Key eliminates deficits, returns to profit
Key Insurance Company swung from losses to profit for the first time in four years, clearing its accumulated debt in the process.
The general insurance company also achieved record revenue of $1.9 billion, from which it generated earnings of $152 million and flipped the previous year’s losses of $300 million, mostly due to gains made in the fourth quarter.
The earnings generated a decent return of 15 per cent on Key’s $1 billion of capital, its preliminary year-end results show.
The company, owned by the GraceKennedy group and headed by General Manager Tammara Glaves-Hucey, holds a positive outlook, with expectations of continued growth despite the pandemic.
“The insurance market is increasingly competitive and difficult to navigate, but we will continue to increase our market share with continued underwriting prudence,” Key said in its earnings report.
Chairman Don Wehby said Key’s 15 per cent return on equity, or ROE, achieved in 2021 beats the average market ROE. He avoided giving a target range going forward, but said Key plans to better most firms in the sector over time. The general insurance market has a dozen players.
“Our internal analysis suggests that the general insurance industry in Jamaica has operated with average return on equity levels of around 10 per cent in recent years,” said Wehby, who is also the Group CEO for GraceKennedy Limited.
“Our goal at Key Insurance is to consistently be one of the top two performers with respect to ROE, by balancing customer and revenue growth with strong underwriting practices and effective risk-adjusted investment portfolio management,” he told the Financial Gleaner. He did not comment of what drove Key’s December performance.
GraceKennedy mounted a rescue of the cash-strapped insurance company in late 2019 to early 2020 – acquiring majority interest from the previous owners at a time when Key had fallen short of regulatory requirements – and subsequently recapitalised the business via a rights issue.
“Management continues to devise strategies to cauterise the impact of the ongoing COVID-19 pandemic and is projecting to evolve from this period even stronger. We are quite aware of some non-pandemic-related challenges in the industry and have been addressing these challenges daily,” Key said in its financial report.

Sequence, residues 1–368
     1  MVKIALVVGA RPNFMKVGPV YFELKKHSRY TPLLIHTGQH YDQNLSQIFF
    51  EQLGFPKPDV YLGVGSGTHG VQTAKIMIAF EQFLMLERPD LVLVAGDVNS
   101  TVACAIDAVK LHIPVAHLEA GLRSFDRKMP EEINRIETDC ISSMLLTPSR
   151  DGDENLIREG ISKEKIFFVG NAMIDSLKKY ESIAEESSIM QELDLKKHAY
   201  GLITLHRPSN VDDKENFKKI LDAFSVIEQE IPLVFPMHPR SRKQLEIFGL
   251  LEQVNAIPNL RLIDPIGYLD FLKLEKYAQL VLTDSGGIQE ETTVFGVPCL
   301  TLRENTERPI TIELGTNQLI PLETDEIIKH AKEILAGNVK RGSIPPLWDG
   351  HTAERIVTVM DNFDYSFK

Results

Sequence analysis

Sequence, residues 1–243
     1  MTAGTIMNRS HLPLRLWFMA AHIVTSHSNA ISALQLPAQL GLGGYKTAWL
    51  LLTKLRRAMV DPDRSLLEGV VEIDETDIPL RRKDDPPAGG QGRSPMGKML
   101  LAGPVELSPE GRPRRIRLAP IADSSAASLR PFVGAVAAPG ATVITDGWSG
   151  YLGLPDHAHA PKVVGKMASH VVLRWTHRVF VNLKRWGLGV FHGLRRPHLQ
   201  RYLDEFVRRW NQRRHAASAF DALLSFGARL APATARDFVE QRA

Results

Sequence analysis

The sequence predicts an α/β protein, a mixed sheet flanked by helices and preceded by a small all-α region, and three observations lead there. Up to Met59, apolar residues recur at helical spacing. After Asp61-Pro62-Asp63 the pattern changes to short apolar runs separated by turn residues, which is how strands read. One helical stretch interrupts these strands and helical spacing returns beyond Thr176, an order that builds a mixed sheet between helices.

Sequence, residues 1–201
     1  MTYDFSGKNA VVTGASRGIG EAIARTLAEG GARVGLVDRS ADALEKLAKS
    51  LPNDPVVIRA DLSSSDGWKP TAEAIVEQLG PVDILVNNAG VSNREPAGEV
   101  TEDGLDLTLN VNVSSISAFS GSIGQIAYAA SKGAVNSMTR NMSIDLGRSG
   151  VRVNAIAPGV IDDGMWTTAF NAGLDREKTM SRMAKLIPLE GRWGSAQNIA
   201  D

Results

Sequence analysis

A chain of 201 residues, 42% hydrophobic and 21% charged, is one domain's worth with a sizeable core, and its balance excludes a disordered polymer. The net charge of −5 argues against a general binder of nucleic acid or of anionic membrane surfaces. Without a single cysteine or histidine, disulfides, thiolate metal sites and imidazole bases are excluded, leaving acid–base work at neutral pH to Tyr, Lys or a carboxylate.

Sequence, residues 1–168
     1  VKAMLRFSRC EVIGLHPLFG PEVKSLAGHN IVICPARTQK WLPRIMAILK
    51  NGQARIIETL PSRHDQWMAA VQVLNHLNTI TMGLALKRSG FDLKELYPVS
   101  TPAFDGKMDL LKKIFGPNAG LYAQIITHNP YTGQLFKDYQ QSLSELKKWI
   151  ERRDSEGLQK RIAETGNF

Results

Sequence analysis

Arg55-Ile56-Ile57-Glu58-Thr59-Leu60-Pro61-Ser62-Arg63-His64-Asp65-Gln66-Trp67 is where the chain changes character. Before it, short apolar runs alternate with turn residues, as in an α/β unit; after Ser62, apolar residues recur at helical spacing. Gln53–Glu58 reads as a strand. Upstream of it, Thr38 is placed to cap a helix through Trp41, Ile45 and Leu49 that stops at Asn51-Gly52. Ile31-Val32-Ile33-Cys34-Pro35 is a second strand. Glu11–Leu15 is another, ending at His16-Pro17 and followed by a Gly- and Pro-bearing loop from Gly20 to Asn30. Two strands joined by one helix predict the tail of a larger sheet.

Since the onset of the pandemic, the general insurance sector grew gross premiums to $56 billion in 2020, eight per cent higher than the $52 billion written in 2019, according to the latest data from the Insurance Association of Jamaica. The data for 2021 is yet to be released by the association.
Key last made a profit of more than $40 million in 2017. The general insurer, which was taken public and listed on the stock market in 2016, went through a period of financial growth and then turmoil under its previous family-led ownership.
At one stage, in 2018, Key’s revenues hit their first record of $1.8 billion. But then a year later, its underwriting losses ballooned to $793 million, leading the company to cull some risky motor policies to allow for a return to capital ratios set for the industry by the regulator.
Key struggled to turn around the business, and differences began to emerge among board members on how to resolve its problems.
The former executive directors and majority shareholders, Sandra Masterton, Kala Abrahams and Natalia Gobin-Gunter, subsequently sold portions of their holdings to GraceKennedy, as the conglomerate stepped in to help. GraceKennedy then increased its stake under a mandatory takeover offer to all Key shareholders, and later a rights issue, which raised some $670 million to recapitalise the company.
The conglomerate now holds a 73 per cent interest in Key.
Now, not only did Key hit a new high on revenues in 2021, but it also turned around its core insurance operations to achieve an underwriting profit of $79 million versus a loss of $535 million in 2020.
Additionally, with its capital strengthened, the general insurance company erased $514 million of deficits that had accumulated since 2018, and achieved a surplus of $3.9 million, its unaudited results show. Its transition included a restructuring of its reinsurance programme by forming synergies with GraceKennedy’s other general insurance business.